Q: How can I help manage my money better when inflation has prices rising and my income is fixed?

A: The rising prices of everything from groceries to gas are squeezing budgets tighter. Yet, for most older adults their income is staying the same. According to the National Council on Aging, over 15 million Americans aged 65+ are economically insecure. That means their income is at or below 200% of the federal poverty level (FPL). For a single person that income is $25,760 per year or less.

Many more older adults who have higher incomes are still struggling to make ends meet. Especially in California, where the rents and cost of living is higher, older adults are struggling financially.

The annual acceleration rate in the US rose in May to 8.6%, the highest level since 1981. No doubt you have felt that when you see your bill at the grocery store. Most all areas of business are increasing their prices to keep up with their higher cost of goods. This hits the consumer directly and is felt most severally by those who have tight budgets with little room for extra costs.

When bringing in more income is not an option, then budgeting and spending carefully is necessary to manage your household. The first step is to create a monthly budget if you do not already have one. Make sure to include all expenses for the month, even small amounts like a trip for coffee or small drug store purchases should be included.

Only when everything is written down in front of you can you really get a picture of your expenses and start to decide how much you can afford in different categories. Sometimes this process alone helps highlight areas where you can cut costs. Perhaps you are spending more on TV for channels you do not use, or are paying for subscriptions you are not using.

The largest expense is usually housing. Consider renting a room if that is an option or sharing an apartment with a friend to reduce your expenses. This will also help you by splitting utility costs.

However, if shared housing is not an option, then look for areas where you can save money. Buying some food items in bulk will reduce the cost per item. If you cannot afford to buy that much all in one month then consider asking a friend to shop with you and split the bulk items up between both of you.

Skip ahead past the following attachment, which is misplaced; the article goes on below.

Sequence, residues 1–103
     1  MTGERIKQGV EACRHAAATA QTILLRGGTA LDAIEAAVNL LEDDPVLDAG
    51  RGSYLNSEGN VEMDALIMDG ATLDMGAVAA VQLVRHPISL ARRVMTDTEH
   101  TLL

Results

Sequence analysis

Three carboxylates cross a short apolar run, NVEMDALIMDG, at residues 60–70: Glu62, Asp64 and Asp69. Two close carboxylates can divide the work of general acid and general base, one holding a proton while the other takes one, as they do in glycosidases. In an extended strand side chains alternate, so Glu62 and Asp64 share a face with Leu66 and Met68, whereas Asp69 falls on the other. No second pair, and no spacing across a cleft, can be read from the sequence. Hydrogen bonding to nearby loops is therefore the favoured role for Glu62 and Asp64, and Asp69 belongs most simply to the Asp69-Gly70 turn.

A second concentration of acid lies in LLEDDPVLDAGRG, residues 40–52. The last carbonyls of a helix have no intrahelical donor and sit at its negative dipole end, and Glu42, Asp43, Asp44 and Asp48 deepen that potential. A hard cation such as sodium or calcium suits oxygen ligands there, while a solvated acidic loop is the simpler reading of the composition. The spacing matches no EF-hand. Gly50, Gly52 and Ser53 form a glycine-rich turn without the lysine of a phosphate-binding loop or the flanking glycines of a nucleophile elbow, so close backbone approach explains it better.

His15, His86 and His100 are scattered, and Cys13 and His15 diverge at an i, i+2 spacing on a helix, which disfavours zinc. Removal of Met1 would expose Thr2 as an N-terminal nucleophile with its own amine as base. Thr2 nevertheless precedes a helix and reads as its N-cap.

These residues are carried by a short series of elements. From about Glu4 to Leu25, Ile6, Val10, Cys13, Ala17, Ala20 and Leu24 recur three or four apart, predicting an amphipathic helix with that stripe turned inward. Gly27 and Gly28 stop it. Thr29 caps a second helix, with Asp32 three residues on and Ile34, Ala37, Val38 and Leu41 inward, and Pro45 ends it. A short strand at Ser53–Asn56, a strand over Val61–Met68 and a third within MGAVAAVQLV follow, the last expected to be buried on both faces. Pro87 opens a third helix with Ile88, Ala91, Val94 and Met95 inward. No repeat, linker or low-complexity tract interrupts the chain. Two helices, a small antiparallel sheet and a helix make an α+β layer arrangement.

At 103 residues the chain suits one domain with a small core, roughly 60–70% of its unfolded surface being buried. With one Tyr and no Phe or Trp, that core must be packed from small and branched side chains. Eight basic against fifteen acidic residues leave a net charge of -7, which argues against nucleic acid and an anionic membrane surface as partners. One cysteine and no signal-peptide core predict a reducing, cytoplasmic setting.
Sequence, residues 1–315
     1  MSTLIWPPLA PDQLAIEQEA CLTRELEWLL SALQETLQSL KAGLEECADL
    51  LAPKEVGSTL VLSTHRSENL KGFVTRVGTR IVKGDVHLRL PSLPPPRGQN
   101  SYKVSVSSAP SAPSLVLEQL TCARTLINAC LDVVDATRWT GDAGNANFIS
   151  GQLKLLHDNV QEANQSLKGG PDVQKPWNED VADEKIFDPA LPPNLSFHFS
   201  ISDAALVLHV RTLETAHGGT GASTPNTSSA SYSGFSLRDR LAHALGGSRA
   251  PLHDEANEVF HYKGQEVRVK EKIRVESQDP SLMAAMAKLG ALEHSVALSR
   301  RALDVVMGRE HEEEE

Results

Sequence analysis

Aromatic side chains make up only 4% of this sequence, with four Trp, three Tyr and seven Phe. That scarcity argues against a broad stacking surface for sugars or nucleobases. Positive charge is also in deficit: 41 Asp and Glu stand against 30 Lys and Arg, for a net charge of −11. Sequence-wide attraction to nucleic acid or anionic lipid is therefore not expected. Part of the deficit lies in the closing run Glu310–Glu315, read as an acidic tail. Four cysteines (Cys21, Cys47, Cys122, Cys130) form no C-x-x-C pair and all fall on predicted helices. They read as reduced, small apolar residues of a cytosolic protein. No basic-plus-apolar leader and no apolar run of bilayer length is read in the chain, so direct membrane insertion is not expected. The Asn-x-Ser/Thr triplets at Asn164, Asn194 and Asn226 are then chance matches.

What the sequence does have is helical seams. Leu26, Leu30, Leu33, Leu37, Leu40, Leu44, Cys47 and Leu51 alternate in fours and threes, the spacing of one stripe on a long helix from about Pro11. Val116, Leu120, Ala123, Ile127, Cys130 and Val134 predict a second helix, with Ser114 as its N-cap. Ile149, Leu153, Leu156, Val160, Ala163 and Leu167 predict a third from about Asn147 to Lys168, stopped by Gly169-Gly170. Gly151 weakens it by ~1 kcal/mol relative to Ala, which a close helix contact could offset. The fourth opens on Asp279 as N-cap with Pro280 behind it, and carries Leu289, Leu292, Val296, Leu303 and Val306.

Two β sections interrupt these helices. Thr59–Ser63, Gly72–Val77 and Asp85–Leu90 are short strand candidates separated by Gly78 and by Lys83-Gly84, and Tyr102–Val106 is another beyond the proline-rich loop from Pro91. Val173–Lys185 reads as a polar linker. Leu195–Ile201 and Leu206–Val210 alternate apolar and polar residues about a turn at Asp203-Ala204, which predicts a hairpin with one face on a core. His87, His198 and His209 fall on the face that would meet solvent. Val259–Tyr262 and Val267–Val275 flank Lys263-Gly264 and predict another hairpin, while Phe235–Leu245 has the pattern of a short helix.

Freeze items you can’t use right away and then make meal plans so you do not forget to use them in a timely manner. Compare brands and consider generic brands that have lower costs. Clip coupons and go to the store with a list to keep you on track with your budget.

Call and ask if any discounts or lower prices are available on reoccurring bills and subscriptions, such as phone and cable. Even your car insurance may have discounts available if you ask, depending on your mileage and your driving record.

You can also call the Benefits Enrollment Center at the Ventura County Area Agency on Aging and to see if you qualify for any programs such as CalFresh (formerly known as food stamps) to help reduce your costs. They can evaluate your health insurance costs as well and look to see if there is a lower cost Medicare plan. You can reach them at 805-477-7300.

The increasing costs will no doubt cause anxiety about your finances. The best thing you can do is to evaluate your spending and be proactive to make changes as needed. While you cannot control inflation, you can control how you react and adjust to it. It may not be easy, but there are probably some things you can do to help manage the current costs.

Martha Shapiro can be reached at Senior Concerns at 805-497-0189 or by email at mshapiro@seniorconcerns.org.

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